Misusing Funds

Since money solves all problems, at least we can be assured that the educational needs of American students will never be in doubt. After all, the United States spent about $1.1 trillion on education in 2018. Even better, the United States spent more than $16,000 per student in 2014, which is 51 percent more than the average country in the Organization for Economic Cooperation and Development spent the same year.

Just kidding, in case you forgot, throwing money at problems typically does not solve them. Otherwise American students would be head and shoulders above their international peers, which is far from the case.

Furthermore, it should come as no surprise that with government bureaucracy come corruption and fiscal irresponsibility. In the nation’s capital alone, the public school system was accused of misspending millions of dollars intended for at-risk students. In another disgusting case of corruption, the state of California was found guilty in 2013 of diverting tens of millions of dollars in state and federal education funds to other projects.

Although these examples (and there are many more) of underhanded politicians swindling tax dollars are rage-inducing, it is just the tip of the iceberg. One of the more recent (again, there are many more) examples of government waste in education is the No Child Left Behind Act (NCLBA). At an average cost of $500 to $600 per student, this massive $14 billion per year program has been largely appropriated for “teacher professional development” (whatever that means).

From President Lyndon Johnson’s Head Start, to President George W. Bush’s NCLBA, to President Obama’s Race to the Top, and several other federal programs, the results have been dismal. In the most recent Programme for International Student Assessment (PISA), the United States ranked an unremarkable 38th out of 71 countries in math and 24th in science.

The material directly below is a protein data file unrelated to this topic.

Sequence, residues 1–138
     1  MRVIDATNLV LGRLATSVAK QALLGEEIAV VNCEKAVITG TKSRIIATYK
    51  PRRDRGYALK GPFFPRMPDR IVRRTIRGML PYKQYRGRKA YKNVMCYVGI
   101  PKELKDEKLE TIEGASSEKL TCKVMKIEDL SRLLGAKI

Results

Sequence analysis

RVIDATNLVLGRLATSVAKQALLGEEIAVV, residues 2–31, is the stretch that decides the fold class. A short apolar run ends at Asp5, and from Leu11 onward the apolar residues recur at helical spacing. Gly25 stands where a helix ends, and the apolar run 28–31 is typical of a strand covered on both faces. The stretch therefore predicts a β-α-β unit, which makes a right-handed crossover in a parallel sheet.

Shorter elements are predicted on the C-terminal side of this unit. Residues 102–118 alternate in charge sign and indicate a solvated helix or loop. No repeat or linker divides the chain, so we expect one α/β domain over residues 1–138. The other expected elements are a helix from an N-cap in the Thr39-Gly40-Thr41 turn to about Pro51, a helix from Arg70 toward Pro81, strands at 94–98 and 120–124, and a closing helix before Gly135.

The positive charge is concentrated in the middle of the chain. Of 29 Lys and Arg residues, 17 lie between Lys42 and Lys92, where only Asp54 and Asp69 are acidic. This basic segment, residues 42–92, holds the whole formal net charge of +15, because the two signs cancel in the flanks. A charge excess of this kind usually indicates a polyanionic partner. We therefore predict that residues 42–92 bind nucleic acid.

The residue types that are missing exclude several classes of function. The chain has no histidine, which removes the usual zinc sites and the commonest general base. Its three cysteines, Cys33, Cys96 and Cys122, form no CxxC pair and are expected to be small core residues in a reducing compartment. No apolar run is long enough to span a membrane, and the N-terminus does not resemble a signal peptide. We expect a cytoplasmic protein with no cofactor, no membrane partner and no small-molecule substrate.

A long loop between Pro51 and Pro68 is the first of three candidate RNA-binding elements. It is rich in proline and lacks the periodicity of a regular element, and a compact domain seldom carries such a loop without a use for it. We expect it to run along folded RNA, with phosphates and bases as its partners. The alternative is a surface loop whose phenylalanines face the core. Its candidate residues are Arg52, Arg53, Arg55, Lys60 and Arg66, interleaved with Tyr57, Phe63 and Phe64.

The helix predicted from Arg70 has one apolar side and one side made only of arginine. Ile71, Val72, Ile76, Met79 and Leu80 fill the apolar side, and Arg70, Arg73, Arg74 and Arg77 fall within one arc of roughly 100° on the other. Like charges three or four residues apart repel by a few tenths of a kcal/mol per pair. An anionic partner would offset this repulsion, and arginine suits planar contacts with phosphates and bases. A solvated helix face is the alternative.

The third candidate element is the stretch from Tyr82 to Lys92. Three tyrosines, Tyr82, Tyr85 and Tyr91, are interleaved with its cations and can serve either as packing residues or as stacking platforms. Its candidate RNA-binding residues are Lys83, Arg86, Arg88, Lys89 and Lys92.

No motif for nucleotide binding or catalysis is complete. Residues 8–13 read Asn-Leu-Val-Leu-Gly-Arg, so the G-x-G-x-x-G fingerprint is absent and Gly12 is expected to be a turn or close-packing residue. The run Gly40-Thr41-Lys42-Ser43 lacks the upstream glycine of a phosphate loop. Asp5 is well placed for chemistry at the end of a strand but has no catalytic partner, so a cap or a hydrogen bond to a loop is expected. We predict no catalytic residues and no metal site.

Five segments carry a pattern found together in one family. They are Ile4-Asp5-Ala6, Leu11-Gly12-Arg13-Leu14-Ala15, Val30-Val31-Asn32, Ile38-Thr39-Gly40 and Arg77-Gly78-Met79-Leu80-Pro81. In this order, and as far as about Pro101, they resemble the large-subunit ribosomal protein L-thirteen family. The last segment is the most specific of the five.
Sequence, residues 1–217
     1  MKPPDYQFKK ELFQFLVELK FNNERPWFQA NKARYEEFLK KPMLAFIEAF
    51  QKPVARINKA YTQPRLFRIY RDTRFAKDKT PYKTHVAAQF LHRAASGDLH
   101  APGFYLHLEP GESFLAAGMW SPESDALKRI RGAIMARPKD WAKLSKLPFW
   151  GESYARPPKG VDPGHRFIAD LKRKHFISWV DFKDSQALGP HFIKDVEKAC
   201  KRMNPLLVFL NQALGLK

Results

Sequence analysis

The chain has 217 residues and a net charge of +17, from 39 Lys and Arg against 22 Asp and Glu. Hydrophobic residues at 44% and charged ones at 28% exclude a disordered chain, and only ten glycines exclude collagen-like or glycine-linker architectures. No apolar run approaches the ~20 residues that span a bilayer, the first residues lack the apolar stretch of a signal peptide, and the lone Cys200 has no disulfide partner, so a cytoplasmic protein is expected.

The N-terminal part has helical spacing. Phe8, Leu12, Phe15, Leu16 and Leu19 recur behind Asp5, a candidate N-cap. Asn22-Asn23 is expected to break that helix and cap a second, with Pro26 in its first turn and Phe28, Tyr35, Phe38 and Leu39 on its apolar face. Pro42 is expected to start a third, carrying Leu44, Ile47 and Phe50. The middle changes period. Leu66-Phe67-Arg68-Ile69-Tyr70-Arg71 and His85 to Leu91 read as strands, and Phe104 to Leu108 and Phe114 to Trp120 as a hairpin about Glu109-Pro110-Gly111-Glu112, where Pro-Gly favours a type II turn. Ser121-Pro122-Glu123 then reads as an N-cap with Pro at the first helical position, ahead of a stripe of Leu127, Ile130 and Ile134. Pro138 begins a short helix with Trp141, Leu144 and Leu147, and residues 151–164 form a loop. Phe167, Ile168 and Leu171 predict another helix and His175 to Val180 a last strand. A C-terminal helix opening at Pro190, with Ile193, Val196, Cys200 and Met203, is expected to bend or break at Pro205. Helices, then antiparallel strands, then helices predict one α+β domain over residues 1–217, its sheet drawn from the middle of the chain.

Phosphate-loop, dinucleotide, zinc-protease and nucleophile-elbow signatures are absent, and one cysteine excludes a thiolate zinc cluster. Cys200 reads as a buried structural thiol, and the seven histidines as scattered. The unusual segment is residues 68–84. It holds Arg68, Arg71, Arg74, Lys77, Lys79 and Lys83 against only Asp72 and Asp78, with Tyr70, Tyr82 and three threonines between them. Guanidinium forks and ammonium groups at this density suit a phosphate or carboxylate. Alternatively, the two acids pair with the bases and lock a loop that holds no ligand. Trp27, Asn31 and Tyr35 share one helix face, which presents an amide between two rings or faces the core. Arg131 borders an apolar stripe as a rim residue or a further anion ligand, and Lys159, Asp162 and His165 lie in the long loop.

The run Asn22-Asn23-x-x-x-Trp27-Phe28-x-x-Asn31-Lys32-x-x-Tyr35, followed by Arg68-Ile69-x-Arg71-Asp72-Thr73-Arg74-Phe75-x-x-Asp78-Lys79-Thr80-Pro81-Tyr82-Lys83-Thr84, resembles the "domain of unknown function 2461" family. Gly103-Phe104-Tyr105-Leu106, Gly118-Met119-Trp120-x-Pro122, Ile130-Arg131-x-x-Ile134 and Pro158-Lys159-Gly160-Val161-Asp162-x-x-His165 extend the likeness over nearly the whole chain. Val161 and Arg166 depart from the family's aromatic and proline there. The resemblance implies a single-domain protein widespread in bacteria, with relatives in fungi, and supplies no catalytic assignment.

Even Americans are dubious about the nation’s educational competiveness. In a 2015 Pew Research Center report, only 29 percent of Americans rated the nation’s K-12 education in science, technology, engineering, and mathematics as “above average or the best in the world.”

This educational catastrophe is nicely summarized by Kentucky Auditor Adam Edelen, who remarked that education in the United States is being hamstrung by “an unchecked bureaucracy that has become bloated and inefficient at the expense of the classroom.”

A Simple Solution

One possible solution to the downward spiral that is the American education system is the principle of subsidiarity: things are done better at the local level. In fact, South Carolina is putting this principle into action. Across the Palmetto State, the Neighborhood Outreach Connection (NOC) is uniting volunteers and professional teachers to provide distinctive educational experiences tailored to the unique needs and abilities of their students.

Already, students participating in NOC are experiencing significant progress in test scores compared to their peers, even though NOC has barely enough resources at its disposal. Programs such as NOC demonstrate that the wasteful, one-size-fits all approach is the problem, not the solution. Hopefully, more communities across the nation will realize that the modern education system is more backwards than ever and unless we make significant changes, the United States will continue its slide backwards.

In a bitter case of irony, this American regression would result in the unintended consequences of the modern education system: A nation mired in mediocrity.

[Originally Published at American Spectator]